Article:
Both examples could work with just warten, too I suppose but it doesn’t sound so good to me. Abwarten is kind of being on stand by. Let’s look at some examples to clarify this:

  • Ich warte auf den Bus.
  • I am waiting for the bus.
  • Ich warte den Bus ab.
  • I wait till the bus has passed (before I do whatever)

So, abwarten can take a direct object but it then means that you wait for this to be over or passed or completed.

  • Warte mal!
  • Wait a second!

This tells the listener to wait a bit because you are not done yet. Maybe your friend is already leaving the bar and you haven’t even payed yet.

  • Wart mal ab!
  • Oh you just wait!

Here, you are not asking for the person to really wait for you, but rather wait for whatever is going to happen before jumping to conclusions.

  • “Wie willst du denn in 2 Wochen eine Bachelorarbeit schreiben?” (subtext: NOOO WAYYY)
    Wart’s mal ab..”
  • “How on earth are you planning to write your BA final paper thingy in just 2 weeks?”
    “You’ll see.” (thanks to Joe for the colloquial response in English)

All right. I hope that you could wrap your mind around the difference between warten and abwarten a bit. There are no words based on abwarten but there is one nice idiom:

  • Abwarten und Tee trinken.

The translation I found is:

  • Wait and see.

But that could actually also just be the translation or abwarten. The Tee trinken adds an extra emphasis on “chill, no need to be active right now”. So if anyone knows of some similar idiom in English or any other language for that matter… go ahead and share it with us :).
All right… no onto the last word.

aufwarten

The translation of aufwarten is something like

  • Verb I NEVER use in daily life and that only occurs in newspapers and books.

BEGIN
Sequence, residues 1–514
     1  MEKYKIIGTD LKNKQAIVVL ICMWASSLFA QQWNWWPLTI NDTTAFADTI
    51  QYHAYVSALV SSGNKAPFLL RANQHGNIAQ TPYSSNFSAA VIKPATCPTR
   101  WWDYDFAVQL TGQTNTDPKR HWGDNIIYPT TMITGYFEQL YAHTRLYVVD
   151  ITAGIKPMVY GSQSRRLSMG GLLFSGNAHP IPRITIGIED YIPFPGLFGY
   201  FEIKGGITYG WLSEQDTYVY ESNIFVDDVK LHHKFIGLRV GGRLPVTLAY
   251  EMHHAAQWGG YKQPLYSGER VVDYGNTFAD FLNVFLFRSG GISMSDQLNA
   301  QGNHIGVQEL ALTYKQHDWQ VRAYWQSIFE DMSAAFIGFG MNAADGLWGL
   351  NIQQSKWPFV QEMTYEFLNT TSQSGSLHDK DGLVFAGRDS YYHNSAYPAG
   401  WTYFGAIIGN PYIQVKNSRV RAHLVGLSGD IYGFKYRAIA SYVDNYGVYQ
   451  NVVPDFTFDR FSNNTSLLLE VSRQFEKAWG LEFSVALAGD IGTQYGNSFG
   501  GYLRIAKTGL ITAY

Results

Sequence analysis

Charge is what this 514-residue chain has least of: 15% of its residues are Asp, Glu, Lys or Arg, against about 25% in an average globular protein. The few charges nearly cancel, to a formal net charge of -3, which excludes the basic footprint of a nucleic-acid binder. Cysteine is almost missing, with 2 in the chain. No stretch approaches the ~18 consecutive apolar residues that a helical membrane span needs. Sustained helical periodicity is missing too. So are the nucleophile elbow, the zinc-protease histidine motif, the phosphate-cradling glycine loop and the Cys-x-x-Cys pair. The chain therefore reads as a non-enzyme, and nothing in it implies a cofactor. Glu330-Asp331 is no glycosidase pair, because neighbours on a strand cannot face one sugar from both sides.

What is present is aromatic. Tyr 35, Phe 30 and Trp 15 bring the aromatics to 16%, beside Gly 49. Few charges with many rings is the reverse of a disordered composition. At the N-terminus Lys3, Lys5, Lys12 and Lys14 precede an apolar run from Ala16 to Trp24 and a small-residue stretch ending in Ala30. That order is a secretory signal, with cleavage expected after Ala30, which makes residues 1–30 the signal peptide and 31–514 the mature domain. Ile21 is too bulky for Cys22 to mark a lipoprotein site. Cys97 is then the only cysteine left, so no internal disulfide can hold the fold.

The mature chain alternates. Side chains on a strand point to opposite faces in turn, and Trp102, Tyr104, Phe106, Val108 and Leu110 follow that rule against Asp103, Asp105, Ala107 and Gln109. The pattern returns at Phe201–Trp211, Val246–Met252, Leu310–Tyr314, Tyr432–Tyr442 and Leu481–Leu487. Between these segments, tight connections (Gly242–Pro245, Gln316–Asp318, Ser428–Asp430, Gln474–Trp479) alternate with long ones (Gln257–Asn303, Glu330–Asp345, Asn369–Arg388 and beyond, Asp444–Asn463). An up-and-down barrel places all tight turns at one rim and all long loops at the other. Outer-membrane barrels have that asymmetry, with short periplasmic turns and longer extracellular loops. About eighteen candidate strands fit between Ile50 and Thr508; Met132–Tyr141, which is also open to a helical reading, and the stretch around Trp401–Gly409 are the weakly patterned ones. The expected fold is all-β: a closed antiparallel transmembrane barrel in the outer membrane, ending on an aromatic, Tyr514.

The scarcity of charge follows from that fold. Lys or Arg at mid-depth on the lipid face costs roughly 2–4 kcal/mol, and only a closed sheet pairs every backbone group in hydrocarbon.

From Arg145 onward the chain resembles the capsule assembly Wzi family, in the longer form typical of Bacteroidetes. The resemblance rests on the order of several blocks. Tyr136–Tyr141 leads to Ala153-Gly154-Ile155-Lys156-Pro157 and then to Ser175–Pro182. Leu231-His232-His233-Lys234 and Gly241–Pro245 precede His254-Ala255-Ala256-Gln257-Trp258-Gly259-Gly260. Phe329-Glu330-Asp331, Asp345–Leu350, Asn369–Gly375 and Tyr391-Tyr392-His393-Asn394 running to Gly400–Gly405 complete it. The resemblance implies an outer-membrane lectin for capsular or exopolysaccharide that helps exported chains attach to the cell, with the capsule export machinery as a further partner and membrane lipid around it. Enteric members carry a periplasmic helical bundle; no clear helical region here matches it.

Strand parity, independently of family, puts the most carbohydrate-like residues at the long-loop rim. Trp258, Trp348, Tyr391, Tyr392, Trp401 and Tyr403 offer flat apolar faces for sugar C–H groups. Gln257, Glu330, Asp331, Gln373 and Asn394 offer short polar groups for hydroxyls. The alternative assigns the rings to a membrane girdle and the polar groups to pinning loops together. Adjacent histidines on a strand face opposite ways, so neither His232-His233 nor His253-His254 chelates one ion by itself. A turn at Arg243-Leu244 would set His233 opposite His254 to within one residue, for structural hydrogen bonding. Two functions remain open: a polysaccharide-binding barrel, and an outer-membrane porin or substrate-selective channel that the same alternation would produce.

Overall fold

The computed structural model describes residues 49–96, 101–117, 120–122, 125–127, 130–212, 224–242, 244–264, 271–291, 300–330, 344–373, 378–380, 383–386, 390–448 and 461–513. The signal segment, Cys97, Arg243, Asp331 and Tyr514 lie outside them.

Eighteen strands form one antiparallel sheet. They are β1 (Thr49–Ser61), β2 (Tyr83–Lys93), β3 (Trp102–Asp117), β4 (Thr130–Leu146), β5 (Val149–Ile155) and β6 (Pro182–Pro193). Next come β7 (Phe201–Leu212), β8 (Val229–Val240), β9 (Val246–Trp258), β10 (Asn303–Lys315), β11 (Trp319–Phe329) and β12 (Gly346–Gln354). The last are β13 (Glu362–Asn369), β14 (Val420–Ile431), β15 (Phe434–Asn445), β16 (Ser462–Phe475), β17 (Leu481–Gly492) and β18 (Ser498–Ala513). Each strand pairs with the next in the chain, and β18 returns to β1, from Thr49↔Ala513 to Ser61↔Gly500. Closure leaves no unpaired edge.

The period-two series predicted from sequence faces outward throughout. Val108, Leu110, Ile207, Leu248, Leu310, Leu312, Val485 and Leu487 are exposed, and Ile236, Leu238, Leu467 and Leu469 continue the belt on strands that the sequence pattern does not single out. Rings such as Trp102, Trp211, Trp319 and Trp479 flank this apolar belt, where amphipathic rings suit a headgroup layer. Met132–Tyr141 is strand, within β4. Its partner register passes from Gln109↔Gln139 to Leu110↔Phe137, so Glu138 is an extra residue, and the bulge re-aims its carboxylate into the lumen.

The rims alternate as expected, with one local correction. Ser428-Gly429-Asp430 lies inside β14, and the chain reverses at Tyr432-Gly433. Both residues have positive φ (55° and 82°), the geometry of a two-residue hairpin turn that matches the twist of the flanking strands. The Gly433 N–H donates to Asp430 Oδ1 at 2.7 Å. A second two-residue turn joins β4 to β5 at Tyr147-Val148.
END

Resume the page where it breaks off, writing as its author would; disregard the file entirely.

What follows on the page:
Hope that helps… ok, seriously though… Leo suggest as a translation to come up with, the translations of Dict.cc are pretty much wrong and Pons offers to serve, to come up with and to offer… but all this is really misleading. Aufwarten is not something you need in every day talk and for all who are interested anyway…here it is in real life action at Linguee.com  … the best match there is actually to provide.

Anyway…. we’re done for today. This was our German Word of the Day Prefix special on warten and I really ho… wait… we have a call… gotta check with Nick if we have time for that… Nick is nodding… so…, Oleg from Poland,hi Oleg, welcome to the show….
“Hey Emanuel, great to talk to you and nice show today. However, I have to say that I am a bit disappointed.
Oh but why…
“You call that a prefix special?”
Uh, yes…
“But it had only 3 prefixes in it.”
Uh… yeah, warten can only take those 3 er, ab and auf
“3 is nothing…  we want more…”
But… I thought you guys would be glad it’s only 3…
“It’s fine… but not for a prefix special… don’t spare us! Give us the real stuff man, we can handle it…”
Oh… so… uh… what do you want me to do…
“Do all prefixes of gehen!
In one post… uh ..I mean show? NEVER!!
“Then do stellen.
NO WAY, that would take a whole freaking book!
How about geben.”
Hmmm… but don’t complain, if it ends up loooooong.
“Haha… I won’t, I promise…”
All right, so geben it is for the next prefix special…
“Awesome, Emanuel… I can’t wait… hey, uh… what would that be in German actually?
Oh… you mean, you can’t wait?
“Yep.
That would be:

  • Ich kann’s kaum erwarten.

Doesn’t really tie in with what I told you about erwarten but hey… there are always exceptions,right?
“Hahahah…. true, thanks and bye”
Thank you too, and greetings to Poland. All right, and we’re done here for today. If you have any question or suggestions just leave me a comment. I hope you liked it and see you next time.